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Mother Nature, abatement efforts keep skeeter populations low

July 24, 2013

Although there is no current danger of West Nile Virus in the valley, Owens Valley Mosquito Abatement Program Manager Chris Wickham and his crew are testing a 1,200-square-mile area for Culex tarsalis (above), the most competent carrier of WNV. Photo courtesy Owens Valley Mosquito Abatement Program

While the mosquito population is currently low during this low-water year, the Owens Valley Mosquito Abatement Program crew is daily treating pastures and lake areas in preparation for the peak August/September mosquito season.
OVMAP Manager Chris Wickham said the crew has been applying larvicides to pasture areas adjacent to Bishop, Big Pine, Lone Pine and Independence as well as in the Owens Lake area near Keeler since March.
“Anywhere we find mosquitoes breeding near human populations is our highest priority,” he said.
Wickham, who had 22 years experience with the San Diego County Vector before replacing previous OVMAP manager Jerry Oser in April 2012, said his crew hasn’t started using adulticide yet. “That is typically done when larva cannot be controlled and there is a threat of disease.” That threat is determined by the number and species of mosquitoes present – in excess of 25 Culex tarsalis mosquitoes, the “most competent vector of West Nile Virus,” per trap.
Though this is the second consecutive low-water year, people still water lawns and irrigate, and water pools. OVMAP technicians are testing adult mosquito pools daily “and there is no sign of West Nile Virus yet. When we find enough of the right species, we send in samples for testing to San Diego County Disease Diagnosis Lab,” Wickham explained. The abatement crew, consisting of Wickham, full-time Mosquito Technicians Rob Miller and Casey Freeman and three part-time technicians, Bo Mack, Dave Miller and Walt Davison, covers 1,200 square miles daily, the manager said.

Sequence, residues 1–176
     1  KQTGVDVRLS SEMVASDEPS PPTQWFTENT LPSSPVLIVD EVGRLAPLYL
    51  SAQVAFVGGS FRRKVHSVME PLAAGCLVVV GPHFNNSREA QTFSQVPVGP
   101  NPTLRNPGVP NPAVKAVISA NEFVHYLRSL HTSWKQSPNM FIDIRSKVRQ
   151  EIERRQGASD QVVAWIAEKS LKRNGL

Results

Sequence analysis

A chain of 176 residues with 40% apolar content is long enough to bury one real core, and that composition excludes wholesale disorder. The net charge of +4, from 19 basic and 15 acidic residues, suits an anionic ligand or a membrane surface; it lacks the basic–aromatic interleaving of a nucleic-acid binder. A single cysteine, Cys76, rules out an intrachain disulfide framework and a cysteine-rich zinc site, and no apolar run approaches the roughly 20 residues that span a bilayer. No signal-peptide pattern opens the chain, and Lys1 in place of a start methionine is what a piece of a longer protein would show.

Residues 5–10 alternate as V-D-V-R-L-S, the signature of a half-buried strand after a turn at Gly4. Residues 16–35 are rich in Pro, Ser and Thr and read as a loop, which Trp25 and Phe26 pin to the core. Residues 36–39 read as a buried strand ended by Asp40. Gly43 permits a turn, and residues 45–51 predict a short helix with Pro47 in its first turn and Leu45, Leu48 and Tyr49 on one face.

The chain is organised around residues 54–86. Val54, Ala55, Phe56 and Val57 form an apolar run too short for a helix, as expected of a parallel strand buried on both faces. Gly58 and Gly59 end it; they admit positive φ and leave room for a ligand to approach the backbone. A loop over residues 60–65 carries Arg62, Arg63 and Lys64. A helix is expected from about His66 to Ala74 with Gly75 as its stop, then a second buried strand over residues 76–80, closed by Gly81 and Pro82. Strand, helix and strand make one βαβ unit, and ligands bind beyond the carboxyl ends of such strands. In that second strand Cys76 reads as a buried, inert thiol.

Wickham said, “It’s important that people should know that this is a light year. Mother Nature has a lot to do with our success right now.” However, as peak season approaches, he added, the public can use preventative measures: be aware that dusk and dawn are when mosquitoes are most active; dump all standing water that gathers in containers due to landscape watering or sprinkling, including bird baths; wear long-sleeved shirts and long pants; and use mosquito repellent.
WNV is active in the state now and the public can get information at, Wickham said, sharing some information: Among the creatures most susceptible to WNV are horses, with a 40 percent mortality rate; birds of prey; and crows. Chickens, on the other hand, can contract it and show virtually no symptoms. Humans, just a step above chickens in this regard, are about 1.5 percent susceptible. WNV symptoms are cold- and flu-like, Wickham added.

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